Life doesn’t treat us all equally, no matter how much we individually try to uphold values like equality. Although the gap between men and women has declined in size, the position of black people in the United States has not come remotely close to a point where anyone can say that racism is over. There is still disproportionate mass incarceration of people of color, there is still a racial wealth gap, and we musn’t forget the overwhelming police brutality faced by people of color. Despite a mixed-race president, racism is alive and well in America and beyond.
In the same way we see clueless “men’s rights activists” in discussions about feminism or gender equality, we are all also aquainted with those who present being white as a disadvantage in today’s society. Although you’d think most white people probably won’t go as far as claiming they are disadvantaged, a recent study discovered that most white people deflected evidence of their societal privilege with expressions of having a hard life that makes them exempt from this privilege.
The interesting surprise was that if whites were self-affirmed (so given indications that they were responsible for their success and position) then they were vastly more likely to acknowledge white privilege in society. These results actually make a lot of sense, and I would bet my socks that this phenomenon has more to do with human psychology than “whiteness” or “white culture,” and that you would find the same results while investigating gender-based privilege.
The reason is simple: humans like to believe they are alone responsible for any success or benefits they experience, whereas we also love to blame the world around us for any of our missteps. Even within a game of rigged Monopoly, people who are given an advantage towards winning quickly come to believe that they deserve and earned the position they have.
So if the white man gets the job, then it was because he was the best, but if he didn’t then it was “because of quotas” regarding women or race. Perspective is skewed for the preservation of the self and it’s identity, which is why so many became defensive when presented evidence of white privilege in the study and why self-affirmation reversed these effects.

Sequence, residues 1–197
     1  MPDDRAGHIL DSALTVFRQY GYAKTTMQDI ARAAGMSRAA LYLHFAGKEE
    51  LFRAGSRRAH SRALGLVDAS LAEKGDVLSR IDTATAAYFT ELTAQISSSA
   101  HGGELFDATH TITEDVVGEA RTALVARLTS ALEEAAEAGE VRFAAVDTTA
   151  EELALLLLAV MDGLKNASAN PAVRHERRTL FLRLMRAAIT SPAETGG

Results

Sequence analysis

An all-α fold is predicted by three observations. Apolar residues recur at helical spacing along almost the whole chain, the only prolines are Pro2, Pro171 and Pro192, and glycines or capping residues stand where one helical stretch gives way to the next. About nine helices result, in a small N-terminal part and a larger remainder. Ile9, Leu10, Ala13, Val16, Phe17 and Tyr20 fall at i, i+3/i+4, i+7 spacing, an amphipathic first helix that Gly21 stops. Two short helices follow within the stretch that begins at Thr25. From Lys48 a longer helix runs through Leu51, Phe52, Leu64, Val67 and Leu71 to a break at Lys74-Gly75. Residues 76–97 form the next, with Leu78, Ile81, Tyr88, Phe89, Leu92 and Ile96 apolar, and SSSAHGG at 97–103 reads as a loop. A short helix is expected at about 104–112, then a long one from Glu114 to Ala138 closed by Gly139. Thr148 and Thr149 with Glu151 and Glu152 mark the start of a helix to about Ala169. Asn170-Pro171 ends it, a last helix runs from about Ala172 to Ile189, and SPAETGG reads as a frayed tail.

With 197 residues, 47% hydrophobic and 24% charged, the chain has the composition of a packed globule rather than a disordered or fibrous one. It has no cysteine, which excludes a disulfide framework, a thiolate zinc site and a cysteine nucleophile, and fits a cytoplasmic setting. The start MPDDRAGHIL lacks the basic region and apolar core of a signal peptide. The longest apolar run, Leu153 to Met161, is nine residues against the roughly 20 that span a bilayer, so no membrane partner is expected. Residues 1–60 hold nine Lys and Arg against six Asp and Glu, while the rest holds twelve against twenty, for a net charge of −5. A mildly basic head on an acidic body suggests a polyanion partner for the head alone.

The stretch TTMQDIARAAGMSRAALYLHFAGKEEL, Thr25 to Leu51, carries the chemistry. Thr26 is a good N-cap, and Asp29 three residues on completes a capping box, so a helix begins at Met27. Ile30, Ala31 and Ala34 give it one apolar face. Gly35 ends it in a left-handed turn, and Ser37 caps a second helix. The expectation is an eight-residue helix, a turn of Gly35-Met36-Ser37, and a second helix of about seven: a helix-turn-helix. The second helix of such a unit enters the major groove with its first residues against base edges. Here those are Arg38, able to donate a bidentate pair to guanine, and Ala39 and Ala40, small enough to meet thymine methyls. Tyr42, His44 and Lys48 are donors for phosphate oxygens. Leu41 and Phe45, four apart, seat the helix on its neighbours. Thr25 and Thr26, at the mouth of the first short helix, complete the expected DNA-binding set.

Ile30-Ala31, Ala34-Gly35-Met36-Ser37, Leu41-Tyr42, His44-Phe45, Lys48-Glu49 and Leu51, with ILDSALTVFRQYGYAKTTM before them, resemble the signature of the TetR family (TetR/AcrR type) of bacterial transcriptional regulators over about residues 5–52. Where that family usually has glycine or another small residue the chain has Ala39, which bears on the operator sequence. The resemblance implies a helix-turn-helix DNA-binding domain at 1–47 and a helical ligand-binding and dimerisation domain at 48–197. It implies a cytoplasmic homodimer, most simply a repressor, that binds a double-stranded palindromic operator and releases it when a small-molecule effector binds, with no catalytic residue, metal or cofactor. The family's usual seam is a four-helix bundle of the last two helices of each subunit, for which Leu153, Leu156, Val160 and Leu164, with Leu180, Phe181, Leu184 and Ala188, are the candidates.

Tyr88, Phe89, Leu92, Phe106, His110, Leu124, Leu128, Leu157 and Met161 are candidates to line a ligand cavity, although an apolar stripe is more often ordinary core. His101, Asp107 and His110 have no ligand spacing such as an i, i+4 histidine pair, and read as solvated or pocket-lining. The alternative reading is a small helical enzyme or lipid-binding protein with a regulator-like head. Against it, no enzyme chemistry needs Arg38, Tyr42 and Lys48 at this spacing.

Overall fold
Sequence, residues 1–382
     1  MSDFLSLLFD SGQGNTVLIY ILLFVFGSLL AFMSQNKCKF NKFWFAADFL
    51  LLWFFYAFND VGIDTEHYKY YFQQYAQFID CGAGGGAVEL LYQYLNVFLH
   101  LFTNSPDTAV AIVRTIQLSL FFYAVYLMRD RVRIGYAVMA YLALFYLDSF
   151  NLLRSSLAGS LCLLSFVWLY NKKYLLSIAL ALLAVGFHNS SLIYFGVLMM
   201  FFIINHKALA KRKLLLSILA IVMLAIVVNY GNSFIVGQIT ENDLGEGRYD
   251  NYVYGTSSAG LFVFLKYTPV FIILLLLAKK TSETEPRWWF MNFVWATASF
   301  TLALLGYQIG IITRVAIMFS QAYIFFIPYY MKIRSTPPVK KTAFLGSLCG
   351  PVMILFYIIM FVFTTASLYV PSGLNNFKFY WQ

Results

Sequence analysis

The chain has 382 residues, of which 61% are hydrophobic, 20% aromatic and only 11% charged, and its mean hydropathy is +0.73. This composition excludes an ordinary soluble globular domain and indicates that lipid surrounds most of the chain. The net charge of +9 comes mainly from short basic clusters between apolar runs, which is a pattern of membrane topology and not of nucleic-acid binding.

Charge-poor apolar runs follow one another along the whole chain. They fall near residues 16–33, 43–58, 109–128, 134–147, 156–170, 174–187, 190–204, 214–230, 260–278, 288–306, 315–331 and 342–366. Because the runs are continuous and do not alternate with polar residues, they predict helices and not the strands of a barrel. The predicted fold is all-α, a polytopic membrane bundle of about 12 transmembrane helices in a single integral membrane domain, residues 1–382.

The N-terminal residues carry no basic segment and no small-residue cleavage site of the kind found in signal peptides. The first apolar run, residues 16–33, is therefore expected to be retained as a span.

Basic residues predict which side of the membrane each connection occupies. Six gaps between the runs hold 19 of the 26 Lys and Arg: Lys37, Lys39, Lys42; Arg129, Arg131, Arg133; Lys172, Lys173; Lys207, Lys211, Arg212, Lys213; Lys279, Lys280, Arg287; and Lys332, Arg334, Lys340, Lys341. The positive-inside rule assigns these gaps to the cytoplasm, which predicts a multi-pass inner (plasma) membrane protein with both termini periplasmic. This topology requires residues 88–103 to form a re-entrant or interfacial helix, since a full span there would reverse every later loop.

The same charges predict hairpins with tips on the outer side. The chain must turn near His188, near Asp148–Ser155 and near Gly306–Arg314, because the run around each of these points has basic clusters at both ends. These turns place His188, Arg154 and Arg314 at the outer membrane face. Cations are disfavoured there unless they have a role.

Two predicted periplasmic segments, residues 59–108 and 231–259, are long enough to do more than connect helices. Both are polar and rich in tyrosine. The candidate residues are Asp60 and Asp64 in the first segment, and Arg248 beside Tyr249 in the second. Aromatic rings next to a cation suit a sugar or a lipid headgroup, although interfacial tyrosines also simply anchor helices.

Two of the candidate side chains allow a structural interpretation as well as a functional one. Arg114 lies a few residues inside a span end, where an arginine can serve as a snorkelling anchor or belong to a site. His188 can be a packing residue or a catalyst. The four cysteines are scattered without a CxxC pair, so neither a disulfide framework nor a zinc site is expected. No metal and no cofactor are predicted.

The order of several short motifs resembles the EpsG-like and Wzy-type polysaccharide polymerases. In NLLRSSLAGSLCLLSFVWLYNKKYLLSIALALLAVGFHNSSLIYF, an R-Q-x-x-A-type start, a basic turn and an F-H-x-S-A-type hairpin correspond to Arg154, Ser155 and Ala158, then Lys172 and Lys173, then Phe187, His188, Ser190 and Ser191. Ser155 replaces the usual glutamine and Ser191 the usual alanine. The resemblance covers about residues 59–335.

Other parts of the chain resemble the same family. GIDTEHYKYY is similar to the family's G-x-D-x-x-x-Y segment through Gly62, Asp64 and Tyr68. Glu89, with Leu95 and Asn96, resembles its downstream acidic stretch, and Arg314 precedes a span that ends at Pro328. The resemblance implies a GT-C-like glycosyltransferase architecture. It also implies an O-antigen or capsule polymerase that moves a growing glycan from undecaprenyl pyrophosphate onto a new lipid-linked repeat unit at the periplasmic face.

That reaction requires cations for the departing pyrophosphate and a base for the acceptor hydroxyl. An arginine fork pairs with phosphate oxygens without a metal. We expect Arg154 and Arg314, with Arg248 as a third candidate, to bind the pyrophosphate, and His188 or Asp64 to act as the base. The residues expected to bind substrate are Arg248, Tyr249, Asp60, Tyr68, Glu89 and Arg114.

This same perspective problem is more dangerously when applied to experience with law enforcement, where I have routinely heard and read white people comment: “I’ve never been wrongly searched or harassed by police, so anyone who is searched is probably a criminal, and anyone who gets shot or beaten was obviously up to no good… if you don’t want to get beaten, shot, or mistreated, then don’t break the law…”
The fact is that you don’t have to be a criminal to have a bad experience with police. Another fact is that depending on your race, gender, and socioeconomic status, you will probably have a different standard experience with police than someone from another group.
For example, I have only ever been stopped by the police and searched once since in Germany, and that was when I was walking down the street “abnormally fast” with a Jamaican friend (while going the same speed I go every day). Another half-carribean friend, on the other hand, is routinely stopped and searched by police while walking around… I have literally never been subjected to a “random search” during any kind of travel, whereas I know of a dark-skinned man named Jihad who has never traveled without having a “random search.”
The fact is that there are global advantages to being white and male, and that most of us that fit into this catagory don’t notice. The reason we primarily don’t notice is simple, and in the word’s of Luhmann’s Ecological Communication: a system does not notice its interaction with its environment unless its needs are not being met. So life is simply normal for those of us getting enough or largely being treated right, but the injustices are glaringly obvious if you are the one experiencing them.
Unfortunately, when the the group experiencing preferential treatment makes all the decisions, it is very difficult to sufficiently change the system due to this lack of knowledge and understanding on the part of those already in positions of power. This is as true for socioeconomic groups as it is for racial groups, and unless you are very wealthy and secluded then you have also noticed that benefits in most first world societies are continually shrinking for the lower classes while increasing for the richest. You have also probably noticed that protests, and even riots, by the lower classes have done very little on its own to change the situation.
Change, in the end, results from people in positions of power noticing, giving voice, and applying political clout to the concerns of those brave enough to express them, but too underprivileged to fight effectively for them. So, if you are male, if you are white, if you are rich, or if you are none of the above but still successful: consider using your power to help those with less.
And as a final note: if you are trying to explain privilege to someone in a privileged position, it might help to first affirm their decency as a person before presenting evidence of their societal advantage.